What Is Know Your Client (KYC)
The Know Your Client form is a standard form in the investment industry that ensures investment advisors know detailed information about their clients' risk tolerance, investment knowledge, and financial position.
KYC forms protect both clients and investment advisors. Clients are protected by having their investment advisor know what investments best suit their personal situations. Investment advisors are protected by knowing what they can and cannot include in their client's portfolio.
Understanding Know Your Client (KYC)
The Know Your Client (KYC) rule is an ethical requirement for those in the securities industry who are dealing with customers during the opening and maintaining of accounts. There are two rules which were implemented in July 2012 that cover this topic together: Financial Industry Regulatory Authority (FINRA) Rule 2090 (Know Your Customer) and FINRA Rule 2111 (Suitability). These rules are in place to protect both the broker-dealer and the customer and so that brokers and firms deal fairly with clients.
The Know Your Customer Rule 2090 essentially states that every broker-dealer should use reasonable effort when opening and maintaining client accounts. It is a requirement to know and keep records on the essential facts of each customer, as well as identify each person who has authority to act on the customer’s behalf.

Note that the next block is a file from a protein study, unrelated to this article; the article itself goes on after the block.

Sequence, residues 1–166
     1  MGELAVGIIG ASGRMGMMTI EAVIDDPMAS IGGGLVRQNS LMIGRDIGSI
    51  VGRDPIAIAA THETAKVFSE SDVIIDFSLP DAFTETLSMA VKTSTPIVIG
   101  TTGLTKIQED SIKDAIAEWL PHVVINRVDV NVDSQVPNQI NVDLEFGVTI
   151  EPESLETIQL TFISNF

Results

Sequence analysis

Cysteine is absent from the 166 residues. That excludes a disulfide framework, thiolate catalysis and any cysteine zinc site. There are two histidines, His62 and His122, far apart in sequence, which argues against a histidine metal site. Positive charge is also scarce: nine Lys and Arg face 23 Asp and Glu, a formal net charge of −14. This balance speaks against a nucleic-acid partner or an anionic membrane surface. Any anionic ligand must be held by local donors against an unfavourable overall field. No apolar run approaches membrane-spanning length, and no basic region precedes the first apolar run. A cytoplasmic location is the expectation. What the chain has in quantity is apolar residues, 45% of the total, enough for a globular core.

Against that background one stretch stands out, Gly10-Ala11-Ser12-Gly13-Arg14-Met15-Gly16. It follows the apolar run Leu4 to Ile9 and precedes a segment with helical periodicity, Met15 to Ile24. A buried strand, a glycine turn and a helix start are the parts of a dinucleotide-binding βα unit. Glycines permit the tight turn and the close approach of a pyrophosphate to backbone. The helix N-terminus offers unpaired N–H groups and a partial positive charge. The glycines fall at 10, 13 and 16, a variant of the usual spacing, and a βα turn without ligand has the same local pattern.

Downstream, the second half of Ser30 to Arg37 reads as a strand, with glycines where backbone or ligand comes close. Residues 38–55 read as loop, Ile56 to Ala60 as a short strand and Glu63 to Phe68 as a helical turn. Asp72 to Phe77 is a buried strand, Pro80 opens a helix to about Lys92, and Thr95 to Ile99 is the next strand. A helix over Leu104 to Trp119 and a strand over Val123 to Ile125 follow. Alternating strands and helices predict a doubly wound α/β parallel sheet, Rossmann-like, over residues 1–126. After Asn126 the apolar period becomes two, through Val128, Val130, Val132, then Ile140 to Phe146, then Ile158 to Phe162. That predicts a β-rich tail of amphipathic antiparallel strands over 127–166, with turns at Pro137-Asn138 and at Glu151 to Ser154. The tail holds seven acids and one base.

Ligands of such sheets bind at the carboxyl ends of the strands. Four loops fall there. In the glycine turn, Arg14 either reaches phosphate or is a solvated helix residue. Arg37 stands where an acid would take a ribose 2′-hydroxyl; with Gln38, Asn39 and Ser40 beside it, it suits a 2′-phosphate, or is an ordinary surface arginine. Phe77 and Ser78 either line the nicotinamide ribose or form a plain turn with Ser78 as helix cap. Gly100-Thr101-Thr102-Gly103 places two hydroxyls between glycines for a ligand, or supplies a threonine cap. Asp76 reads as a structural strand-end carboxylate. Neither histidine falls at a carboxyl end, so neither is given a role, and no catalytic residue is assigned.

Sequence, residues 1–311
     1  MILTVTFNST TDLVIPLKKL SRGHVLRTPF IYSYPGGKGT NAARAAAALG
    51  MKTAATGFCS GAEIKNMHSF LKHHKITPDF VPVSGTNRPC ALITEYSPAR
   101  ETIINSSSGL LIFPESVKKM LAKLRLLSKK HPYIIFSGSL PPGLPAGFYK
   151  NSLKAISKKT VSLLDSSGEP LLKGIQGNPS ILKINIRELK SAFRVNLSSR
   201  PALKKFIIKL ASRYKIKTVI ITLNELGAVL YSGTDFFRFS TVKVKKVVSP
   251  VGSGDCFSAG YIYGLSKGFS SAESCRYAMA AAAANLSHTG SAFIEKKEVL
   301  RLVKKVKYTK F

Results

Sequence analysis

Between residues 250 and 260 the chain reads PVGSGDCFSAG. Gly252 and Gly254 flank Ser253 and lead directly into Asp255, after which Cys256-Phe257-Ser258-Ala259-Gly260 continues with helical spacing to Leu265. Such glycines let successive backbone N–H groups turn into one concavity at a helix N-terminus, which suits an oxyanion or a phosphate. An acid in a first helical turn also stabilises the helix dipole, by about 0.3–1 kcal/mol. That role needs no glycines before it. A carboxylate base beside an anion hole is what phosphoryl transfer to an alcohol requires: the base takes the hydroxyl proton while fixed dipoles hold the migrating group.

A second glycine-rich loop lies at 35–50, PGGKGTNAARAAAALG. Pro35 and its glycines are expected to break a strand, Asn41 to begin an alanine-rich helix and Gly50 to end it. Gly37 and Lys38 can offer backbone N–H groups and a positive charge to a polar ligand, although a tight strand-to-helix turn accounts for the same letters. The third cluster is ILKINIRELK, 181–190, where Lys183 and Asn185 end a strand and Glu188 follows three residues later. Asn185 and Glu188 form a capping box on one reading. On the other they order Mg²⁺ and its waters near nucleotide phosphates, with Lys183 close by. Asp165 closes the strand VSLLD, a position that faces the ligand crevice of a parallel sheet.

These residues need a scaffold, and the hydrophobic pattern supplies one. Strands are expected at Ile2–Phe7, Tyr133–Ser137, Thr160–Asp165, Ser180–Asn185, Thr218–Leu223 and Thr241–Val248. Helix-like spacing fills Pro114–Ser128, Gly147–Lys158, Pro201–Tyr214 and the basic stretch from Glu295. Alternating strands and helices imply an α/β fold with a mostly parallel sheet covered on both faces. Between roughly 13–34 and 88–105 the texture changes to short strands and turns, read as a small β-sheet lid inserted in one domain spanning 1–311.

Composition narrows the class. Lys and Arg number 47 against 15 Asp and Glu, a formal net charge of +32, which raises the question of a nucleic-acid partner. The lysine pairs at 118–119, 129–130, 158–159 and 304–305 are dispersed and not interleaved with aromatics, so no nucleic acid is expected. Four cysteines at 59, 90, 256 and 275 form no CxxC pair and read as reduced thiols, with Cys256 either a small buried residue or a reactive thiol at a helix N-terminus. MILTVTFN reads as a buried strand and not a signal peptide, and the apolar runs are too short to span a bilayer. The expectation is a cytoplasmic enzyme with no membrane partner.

The KYC rule is important at the beginning of a customer-broker relationship to establish the essential facts of each customer before any recommendations are made. The essential facts are those required to effectively service the customer’s account and to be aware of any special handling instructions for the account. Also, the broker-dealer needs to be familiar with each person who has authority to act on behalf of the customer, and the broker-dealer needs to comply with all the laws, regulations, and rules of the securities industry.
As found in the FINRA Rules of Fair Practices, Rule 2111 goes in tandem with the KYC rule and covers the topic of making recommendations. The suitability Rule 2111 notes that a broker-dealer must have reasonable grounds when making a recommendation that is suitable for a customer based on the client’s financial situation and needs. This responsibility means that the broker-dealer has done a complete review of the current facts and profile of the customer including the customer’s other securities before making any purchase, sale, or exchange of a security.
Establishing a Customer Profile
Investment advisors and firms are responsible for knowing each customer's financial situation by exploring and gathering the client's age, other investments, tax status, financial needs, investment experience, investment time horizon, liquidity needs, and risk tolerance. The SEC requires that a new customer provide detailed financial information that includes name, date of birth, address, employment status, annual income, net worth, investment objectives, and identification numbers before opening an account.